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Tuscany with Sarah Elbert

Hotel Castello di Casole

Courtesy of Hotel Castello di Casole

A certain phrase repeated itself like a mantra on a recent trip to Tuscany. No matter what I was doing—hiking from our “farmhouse” up to the tiny village of Mensano, sipping prosecco from the terrace overlooking rows of grapevines, enjoying the view from an infinity-edged pool—in my mind, it was all taking place “under the Tuscan sun.” A cliché, I know, prompted by the movie of the same name. But it simply could not be stopped.

       
Grapes on the vine. Photo courtesy of Hotel Castello di Casole.        

I had spent time in Rome and Florence, but until this trip had never journeyed to the countryside outside of Siena. Tuscany was exactly what I had expected—except, somehow, better. Our home base was one of 28 whole- and fractional-ownership farmhouses that had been or are in the process of being lovingly rebuilt by Timbers Resorts. If you aren’t lucky enough to know someone who owns a (pricey) share in one of these homes, you’re in luck, because the Timbers’ Hotel Castello di Casole boutique hotel opens July 1.

The hotel, built on the ruins of a 10th-century castle, is surrounded by a protected nature sanctuary, which adds to the air of pampered solitude (never mind the occasional sports car gunning it up a cypress-lined hill). The grounds and 41 suites are lovely, incorporating reclaimed materials and very modern amenities, and there’s plenty to do at the hotel, from a spa and bocce courts to Bar Visconti, named after the Italian film director who lived at the property in the 1960s.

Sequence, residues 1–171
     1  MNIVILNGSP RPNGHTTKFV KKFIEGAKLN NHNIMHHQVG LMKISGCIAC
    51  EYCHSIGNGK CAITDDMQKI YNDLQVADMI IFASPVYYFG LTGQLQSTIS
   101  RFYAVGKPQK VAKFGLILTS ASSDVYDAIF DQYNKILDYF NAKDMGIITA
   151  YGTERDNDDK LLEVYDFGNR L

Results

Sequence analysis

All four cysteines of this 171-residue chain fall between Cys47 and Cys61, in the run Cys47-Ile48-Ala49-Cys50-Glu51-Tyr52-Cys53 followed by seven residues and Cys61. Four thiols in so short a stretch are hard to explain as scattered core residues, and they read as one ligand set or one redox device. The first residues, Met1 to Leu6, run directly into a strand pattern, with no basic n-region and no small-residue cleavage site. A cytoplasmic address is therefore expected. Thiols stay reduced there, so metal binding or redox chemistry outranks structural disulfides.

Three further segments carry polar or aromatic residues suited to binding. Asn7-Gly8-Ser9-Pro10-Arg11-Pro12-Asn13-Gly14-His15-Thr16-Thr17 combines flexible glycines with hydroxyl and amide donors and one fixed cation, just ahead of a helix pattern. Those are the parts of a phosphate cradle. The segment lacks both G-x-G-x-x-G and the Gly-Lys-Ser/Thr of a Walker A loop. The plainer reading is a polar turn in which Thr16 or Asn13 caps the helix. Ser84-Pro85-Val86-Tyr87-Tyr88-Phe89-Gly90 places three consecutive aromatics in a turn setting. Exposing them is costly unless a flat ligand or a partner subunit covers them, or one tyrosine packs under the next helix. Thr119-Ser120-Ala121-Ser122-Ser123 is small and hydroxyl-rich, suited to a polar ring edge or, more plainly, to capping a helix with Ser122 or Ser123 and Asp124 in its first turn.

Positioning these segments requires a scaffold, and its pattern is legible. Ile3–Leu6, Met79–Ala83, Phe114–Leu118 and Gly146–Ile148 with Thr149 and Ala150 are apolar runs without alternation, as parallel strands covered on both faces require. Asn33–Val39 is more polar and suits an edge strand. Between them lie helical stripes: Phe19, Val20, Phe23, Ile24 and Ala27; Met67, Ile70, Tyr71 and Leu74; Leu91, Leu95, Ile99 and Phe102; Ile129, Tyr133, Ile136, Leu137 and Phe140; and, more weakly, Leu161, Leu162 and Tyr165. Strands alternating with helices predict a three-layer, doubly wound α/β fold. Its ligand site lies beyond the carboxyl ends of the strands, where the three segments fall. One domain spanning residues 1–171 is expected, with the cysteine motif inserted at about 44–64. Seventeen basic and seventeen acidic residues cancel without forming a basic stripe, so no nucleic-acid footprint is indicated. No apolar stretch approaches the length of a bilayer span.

Of course, the wonderful thing about being located so close to Siena and Florence is that a day trip to either city is easy—as are bike rides through the countryside and short trips to local villages and wineries (a charming option is the Winery Principe Corsini in Greve). While Florence is a cosmopolitan city known for its haute couture and fine leather and paper artisans, Siena has its own medieval charm, with cafés and shops wrapped around Piazza del Campo, the site of the annual Palio horseraces.

       
Photo by Sarah Elbert.        

Eating is of course a priority wherever you are in Italy—and I suggest you embrace your inner carbavore. After wandering through Siena’s narrow, flag-festooned streets, try the malfatti all’Osteria (spinach and ricotta gnocchi in tomato sauce) at Osteria Le Logge, a classic trattoria in a former grocer’s shop. In Florence, explore the galleries of the Uffizi before lunching at one of the intimate cafés lining the Arno River. Follow up with an afternoon of sightseeing and shopping (in addition to Prada, Ferragamo, et al., locals suggest Giulio Giannini & Figlio for fine paper goods, Romano Firenze for stylish shoes and Adele Fado for on-trend fashions from this edgy local designer) and finish the day off with pigeon cooked three ways at Ora d’Aria, a stylish, contemporary restaurant that gives classic Tuscan fare a modern spin.

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